It's been announced that the final open playtest packet for D&D Next is soon to be released into the wild. After that happens, they're taking the rest of the design process in-house (or semi-in-house, since they'll still have a large stable of playtesters, just not an open playtest).
If the goal is to have a GenCon 2014 release, and everything I've seen thusfar indicates that it is (also coincident with the 40th anniversary of the game), they're actually not leaving themselves a whole lot of time to make additional changes beyond the September open playtest packet.
In order to have physical books ready for mid-August 2014, they need to have the final version of the book - text, art, layout, everything - completely buttoned down by the end of May. That will barely give them enough time to have them printed and shipped to distributors.
Now, assuming that they will need a month or two to get all that nailed down, including the final editing of the text, they need to have the *content* of the text done by March. (That's consistent with the time-frame they were working under for the 4E Players Handbook, by the way.)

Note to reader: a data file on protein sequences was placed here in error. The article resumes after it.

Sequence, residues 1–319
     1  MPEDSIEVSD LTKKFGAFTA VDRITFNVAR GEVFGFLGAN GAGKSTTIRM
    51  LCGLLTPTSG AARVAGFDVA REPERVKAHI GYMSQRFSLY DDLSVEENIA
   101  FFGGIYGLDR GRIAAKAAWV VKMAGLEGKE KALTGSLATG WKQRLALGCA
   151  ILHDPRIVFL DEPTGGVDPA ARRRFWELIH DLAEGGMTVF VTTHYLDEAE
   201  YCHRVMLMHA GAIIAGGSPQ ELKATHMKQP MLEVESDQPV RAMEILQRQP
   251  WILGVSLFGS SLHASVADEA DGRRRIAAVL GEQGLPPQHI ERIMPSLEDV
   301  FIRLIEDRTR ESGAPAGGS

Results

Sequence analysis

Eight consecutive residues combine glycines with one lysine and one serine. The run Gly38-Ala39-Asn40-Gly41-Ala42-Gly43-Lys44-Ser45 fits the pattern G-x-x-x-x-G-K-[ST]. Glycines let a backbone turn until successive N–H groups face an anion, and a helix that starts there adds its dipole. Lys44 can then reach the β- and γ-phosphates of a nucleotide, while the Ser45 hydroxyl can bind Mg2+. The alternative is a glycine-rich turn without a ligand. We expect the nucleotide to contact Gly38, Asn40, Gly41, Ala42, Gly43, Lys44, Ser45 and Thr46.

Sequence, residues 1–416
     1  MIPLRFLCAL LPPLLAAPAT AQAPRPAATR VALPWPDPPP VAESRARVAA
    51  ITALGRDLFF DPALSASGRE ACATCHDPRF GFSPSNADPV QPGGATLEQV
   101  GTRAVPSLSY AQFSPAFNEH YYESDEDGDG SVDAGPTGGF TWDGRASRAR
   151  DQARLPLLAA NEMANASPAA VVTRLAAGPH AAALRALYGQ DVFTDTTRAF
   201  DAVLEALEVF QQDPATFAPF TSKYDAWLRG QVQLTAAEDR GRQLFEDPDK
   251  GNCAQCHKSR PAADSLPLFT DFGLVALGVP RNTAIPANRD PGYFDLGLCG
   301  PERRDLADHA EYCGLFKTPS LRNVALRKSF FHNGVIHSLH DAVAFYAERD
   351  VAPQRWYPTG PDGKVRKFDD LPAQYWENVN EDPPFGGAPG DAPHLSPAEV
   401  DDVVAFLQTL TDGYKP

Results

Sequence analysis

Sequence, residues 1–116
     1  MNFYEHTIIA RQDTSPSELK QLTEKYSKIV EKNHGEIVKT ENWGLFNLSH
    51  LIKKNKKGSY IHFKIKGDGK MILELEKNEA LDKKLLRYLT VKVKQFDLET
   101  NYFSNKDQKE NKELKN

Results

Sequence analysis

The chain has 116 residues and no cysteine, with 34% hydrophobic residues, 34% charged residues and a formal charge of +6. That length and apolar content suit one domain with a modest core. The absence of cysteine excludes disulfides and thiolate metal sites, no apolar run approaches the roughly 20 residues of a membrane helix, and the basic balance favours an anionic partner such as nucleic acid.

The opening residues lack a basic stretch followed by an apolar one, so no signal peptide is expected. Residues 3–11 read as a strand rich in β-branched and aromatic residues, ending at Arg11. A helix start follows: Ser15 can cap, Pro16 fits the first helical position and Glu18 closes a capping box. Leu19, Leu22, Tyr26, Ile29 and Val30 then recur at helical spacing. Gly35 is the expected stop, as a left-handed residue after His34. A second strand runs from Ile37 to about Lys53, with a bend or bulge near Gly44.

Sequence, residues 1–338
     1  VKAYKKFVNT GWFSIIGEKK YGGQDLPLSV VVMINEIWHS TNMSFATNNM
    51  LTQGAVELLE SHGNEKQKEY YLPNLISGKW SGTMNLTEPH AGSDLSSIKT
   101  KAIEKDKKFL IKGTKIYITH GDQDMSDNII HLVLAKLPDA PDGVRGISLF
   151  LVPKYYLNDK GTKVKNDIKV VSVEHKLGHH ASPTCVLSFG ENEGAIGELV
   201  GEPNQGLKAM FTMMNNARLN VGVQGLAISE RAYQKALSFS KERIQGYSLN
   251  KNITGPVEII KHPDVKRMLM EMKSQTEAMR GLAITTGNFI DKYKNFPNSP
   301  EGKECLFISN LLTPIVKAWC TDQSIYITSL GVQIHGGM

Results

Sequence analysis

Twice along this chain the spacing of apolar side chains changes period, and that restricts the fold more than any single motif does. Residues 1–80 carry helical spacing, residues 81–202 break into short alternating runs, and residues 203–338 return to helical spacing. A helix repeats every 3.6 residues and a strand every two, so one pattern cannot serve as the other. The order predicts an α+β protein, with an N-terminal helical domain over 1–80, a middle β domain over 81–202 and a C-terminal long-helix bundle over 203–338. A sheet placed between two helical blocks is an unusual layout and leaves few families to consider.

Based on that, giving themselves six months to finish what they are calling "...the repetitive grind of balancing out the math and finding and dispelling abusive combinations" seems reasonable. But that's not basic design work. That's polishing.
Based on these factors, I think that the version of the game we get in the next playtest packet is going to be pretty close to the finished product. They simply don't have the time to make any more major revisions. Of course, the last packet was still missing what many gamers would consider some key elements, like multi-classing. One can only assume that the last open playtest packet is going to cover those sorts of things so they can get a broad read on how they're received. If not, it means they're putting them in the "balancing out the math" category, and I'm not sure that's a great idea.
All that said, I think what we get in the next and final playtest packet is going to be pretty close to the finished product. Not in every jot and tittle, of course, and possibly not complete, but close.